KABUL (Reuters) - Afghanistan's aid donors should use their leverage to force the government to ban human rights violators from competing in a presidential election next year, a human rights group said on Wednesday.
Afghanistan's allies will be hoping the election, due next April, will set the country on a firm path to stability as it takes over responsibility for its security with the withdrawal of most foreign troops by the end of 2015.
Among the candidates who registered for the election by a Sunday deadline are several who have faced accusations of rights abuses during many years of war and turbulence.
The U.S-based group Human Rights Watch called for rights violators to be excluded as candidates.
"Had the Afghan government in the last decade properly addressed crimes of the past, several current candidates would now be disqualified from seeking office - or would even be serving time," said Brad Adams, Asia director at Human Rights Watch.
"Foreign donors should press the Afghan government to ensure future elections are not being contested by serious rights abusers."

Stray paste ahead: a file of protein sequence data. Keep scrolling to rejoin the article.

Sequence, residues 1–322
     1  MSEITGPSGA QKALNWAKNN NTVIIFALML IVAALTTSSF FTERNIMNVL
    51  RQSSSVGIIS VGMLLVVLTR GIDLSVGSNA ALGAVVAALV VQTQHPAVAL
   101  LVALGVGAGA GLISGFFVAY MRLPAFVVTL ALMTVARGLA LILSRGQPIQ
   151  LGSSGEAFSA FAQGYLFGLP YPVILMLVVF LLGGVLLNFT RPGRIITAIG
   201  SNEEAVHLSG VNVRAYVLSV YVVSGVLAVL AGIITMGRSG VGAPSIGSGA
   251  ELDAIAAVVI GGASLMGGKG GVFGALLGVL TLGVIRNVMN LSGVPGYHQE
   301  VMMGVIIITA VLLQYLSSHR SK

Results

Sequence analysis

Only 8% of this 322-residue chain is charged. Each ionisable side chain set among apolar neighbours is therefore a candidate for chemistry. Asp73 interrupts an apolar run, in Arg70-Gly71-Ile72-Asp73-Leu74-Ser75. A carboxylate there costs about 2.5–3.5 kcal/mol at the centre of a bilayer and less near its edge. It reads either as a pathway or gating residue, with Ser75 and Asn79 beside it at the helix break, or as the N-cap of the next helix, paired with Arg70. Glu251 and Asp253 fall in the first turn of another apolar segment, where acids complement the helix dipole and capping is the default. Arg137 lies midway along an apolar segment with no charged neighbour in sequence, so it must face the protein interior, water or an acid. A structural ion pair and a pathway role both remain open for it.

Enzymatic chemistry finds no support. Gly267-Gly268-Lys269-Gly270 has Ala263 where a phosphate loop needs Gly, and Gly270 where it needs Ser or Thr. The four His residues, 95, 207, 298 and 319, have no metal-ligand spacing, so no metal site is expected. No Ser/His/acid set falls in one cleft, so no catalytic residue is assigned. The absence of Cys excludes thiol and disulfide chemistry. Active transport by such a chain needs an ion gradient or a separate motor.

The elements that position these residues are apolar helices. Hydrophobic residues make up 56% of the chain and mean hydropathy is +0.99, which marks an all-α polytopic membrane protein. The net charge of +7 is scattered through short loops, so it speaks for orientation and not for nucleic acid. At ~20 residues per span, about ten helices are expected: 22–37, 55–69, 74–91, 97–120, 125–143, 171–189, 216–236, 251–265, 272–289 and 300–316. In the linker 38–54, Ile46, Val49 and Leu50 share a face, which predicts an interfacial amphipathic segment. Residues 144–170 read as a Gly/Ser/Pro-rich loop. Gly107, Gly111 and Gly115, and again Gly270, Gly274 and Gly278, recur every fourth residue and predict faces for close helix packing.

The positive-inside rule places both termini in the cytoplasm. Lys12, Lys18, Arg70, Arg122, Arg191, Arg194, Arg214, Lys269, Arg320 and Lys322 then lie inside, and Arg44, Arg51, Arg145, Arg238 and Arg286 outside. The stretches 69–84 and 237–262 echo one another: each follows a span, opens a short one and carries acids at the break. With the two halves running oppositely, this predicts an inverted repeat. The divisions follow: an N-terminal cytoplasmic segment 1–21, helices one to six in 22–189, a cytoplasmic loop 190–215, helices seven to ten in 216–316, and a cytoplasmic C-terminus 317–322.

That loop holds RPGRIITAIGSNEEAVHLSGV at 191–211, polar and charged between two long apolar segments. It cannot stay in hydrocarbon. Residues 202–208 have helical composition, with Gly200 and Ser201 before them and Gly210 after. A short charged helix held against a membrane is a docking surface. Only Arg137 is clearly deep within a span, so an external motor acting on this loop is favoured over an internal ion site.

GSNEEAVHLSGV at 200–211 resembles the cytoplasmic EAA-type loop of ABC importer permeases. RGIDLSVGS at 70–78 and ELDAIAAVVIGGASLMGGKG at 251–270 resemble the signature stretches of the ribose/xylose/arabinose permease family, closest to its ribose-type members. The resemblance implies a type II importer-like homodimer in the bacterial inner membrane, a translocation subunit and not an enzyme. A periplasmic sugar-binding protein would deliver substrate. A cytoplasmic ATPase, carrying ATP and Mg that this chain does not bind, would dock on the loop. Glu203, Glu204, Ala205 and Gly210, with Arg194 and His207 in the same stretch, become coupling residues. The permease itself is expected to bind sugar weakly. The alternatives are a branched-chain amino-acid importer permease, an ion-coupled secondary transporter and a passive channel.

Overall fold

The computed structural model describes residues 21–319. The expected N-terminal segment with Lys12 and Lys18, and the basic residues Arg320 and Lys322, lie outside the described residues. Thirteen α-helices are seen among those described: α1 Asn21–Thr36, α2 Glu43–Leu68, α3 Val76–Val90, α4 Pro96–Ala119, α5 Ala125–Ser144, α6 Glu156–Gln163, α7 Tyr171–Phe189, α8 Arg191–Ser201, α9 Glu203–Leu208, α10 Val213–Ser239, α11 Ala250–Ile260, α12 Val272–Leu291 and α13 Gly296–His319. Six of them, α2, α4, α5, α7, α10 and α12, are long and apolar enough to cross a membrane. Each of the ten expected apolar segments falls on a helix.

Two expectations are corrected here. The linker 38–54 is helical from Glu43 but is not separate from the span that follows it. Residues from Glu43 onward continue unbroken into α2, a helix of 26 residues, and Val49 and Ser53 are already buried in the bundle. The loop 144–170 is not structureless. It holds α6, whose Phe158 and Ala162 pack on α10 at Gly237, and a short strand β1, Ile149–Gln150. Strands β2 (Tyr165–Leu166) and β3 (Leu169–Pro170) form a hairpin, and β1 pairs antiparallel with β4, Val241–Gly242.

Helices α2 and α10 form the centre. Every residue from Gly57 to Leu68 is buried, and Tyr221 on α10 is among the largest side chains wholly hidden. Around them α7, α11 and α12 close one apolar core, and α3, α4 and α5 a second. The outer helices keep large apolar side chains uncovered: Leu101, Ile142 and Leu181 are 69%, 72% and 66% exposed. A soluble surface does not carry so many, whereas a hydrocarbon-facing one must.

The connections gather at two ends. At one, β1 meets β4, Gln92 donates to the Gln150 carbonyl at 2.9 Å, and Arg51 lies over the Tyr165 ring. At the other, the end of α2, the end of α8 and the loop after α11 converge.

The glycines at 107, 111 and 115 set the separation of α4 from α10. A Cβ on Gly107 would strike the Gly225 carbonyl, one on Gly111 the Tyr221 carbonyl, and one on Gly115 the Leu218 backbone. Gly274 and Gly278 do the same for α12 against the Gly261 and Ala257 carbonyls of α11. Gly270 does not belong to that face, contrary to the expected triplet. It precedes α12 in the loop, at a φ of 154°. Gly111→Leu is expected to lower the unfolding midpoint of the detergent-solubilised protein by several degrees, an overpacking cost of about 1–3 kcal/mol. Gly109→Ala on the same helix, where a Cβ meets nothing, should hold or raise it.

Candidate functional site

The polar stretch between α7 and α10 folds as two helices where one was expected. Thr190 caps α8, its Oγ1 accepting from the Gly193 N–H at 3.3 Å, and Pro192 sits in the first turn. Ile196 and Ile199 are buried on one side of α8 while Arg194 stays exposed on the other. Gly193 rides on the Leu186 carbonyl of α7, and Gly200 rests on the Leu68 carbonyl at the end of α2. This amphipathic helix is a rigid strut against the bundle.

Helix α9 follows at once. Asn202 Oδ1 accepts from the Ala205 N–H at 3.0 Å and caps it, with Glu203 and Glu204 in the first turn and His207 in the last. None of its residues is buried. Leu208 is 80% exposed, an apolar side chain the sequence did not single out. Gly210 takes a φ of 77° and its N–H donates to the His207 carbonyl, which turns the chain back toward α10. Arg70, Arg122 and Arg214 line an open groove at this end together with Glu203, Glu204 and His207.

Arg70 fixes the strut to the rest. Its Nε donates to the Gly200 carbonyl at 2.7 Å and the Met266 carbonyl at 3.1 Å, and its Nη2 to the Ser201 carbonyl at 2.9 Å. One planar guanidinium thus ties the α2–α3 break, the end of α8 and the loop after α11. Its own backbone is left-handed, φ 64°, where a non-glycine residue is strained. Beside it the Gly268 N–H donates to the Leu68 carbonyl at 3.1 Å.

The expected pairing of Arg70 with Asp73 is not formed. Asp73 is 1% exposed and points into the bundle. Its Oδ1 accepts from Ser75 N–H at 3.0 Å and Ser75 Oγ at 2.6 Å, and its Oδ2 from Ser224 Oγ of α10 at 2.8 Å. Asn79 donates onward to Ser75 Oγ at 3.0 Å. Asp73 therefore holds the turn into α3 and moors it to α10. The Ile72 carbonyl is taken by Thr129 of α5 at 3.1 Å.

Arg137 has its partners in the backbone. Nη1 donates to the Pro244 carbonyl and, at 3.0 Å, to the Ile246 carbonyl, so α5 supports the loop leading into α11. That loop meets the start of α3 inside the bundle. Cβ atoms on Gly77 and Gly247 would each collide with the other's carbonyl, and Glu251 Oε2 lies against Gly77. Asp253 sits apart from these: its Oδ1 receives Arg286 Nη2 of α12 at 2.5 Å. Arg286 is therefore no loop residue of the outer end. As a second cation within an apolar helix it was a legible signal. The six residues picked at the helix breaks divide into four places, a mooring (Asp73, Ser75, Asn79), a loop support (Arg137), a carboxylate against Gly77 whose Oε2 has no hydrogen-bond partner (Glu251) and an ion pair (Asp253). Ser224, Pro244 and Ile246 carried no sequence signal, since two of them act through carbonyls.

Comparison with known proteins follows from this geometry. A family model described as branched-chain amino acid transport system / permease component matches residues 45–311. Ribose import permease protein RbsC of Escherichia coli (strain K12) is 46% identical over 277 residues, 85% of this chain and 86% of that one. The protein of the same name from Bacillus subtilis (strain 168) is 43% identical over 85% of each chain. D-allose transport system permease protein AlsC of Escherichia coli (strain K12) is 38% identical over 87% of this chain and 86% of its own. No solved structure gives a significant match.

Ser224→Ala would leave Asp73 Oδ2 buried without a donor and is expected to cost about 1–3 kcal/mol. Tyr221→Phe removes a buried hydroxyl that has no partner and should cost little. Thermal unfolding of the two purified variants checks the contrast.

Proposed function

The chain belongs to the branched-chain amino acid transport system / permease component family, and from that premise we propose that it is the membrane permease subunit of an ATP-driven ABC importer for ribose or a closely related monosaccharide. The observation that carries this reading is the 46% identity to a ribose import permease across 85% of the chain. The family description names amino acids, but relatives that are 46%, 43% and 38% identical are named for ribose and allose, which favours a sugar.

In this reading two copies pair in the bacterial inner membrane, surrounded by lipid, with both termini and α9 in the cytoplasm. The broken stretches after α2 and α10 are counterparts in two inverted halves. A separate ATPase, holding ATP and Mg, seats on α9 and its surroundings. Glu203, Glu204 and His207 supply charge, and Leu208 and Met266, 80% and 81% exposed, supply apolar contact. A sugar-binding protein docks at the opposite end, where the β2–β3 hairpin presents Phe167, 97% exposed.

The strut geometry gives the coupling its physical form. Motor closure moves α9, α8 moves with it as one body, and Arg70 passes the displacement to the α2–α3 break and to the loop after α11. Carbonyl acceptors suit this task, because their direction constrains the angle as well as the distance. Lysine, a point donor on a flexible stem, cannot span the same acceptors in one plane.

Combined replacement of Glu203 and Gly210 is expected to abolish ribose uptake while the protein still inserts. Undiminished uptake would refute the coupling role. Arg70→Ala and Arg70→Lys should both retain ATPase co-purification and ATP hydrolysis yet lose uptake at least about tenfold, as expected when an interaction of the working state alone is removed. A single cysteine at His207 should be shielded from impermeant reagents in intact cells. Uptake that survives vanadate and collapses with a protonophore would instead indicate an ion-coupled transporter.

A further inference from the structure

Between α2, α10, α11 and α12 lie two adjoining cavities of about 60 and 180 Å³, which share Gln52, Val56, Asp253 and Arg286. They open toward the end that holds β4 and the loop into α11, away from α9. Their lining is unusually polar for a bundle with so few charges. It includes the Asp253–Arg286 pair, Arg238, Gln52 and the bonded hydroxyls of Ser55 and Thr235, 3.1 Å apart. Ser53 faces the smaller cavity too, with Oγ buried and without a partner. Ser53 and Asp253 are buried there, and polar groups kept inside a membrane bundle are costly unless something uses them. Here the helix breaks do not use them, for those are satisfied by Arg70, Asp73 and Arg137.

One political leader accused of rights violations, General Abdul Rashid Dostum, in an apparent response to public pressure, this week took the unprecedented step of apologising for past bloodshed.
He has been accused of mistreatment that led to the death of enemies during the civil war in the 1990s and early the next decade.
"I want to be step ahead on this path and say that I apologize to all those who have suffered on all sides in the conflict," Dostum said on his Facebook page.
The apology did not convince some.
An analyst for the Afghanistan Analysts Network think-tank said it was aimed at forging an alliance for the polls.
"The statement was overtly linked to the election," wrote the analyst, Kate Clark.
The election is considered the most crucial since the U.S.-led overthrow of the Taliban regime in 2001, with more than a decade of Western-led reforms resting on its outcome amid increasing Taliban violence.
President Hamid Karzai is barred by the constitution from running for a third term but his older brother, Qayum, has registered as a candidate.
Foreign concern about Afghanistan was underscored last week when Norway took the rare step of cutting aid on the grounds that Afghanistan had failed to meet commitments to protect women's rights and fight corruption.
(Editing by Robert Birsel)
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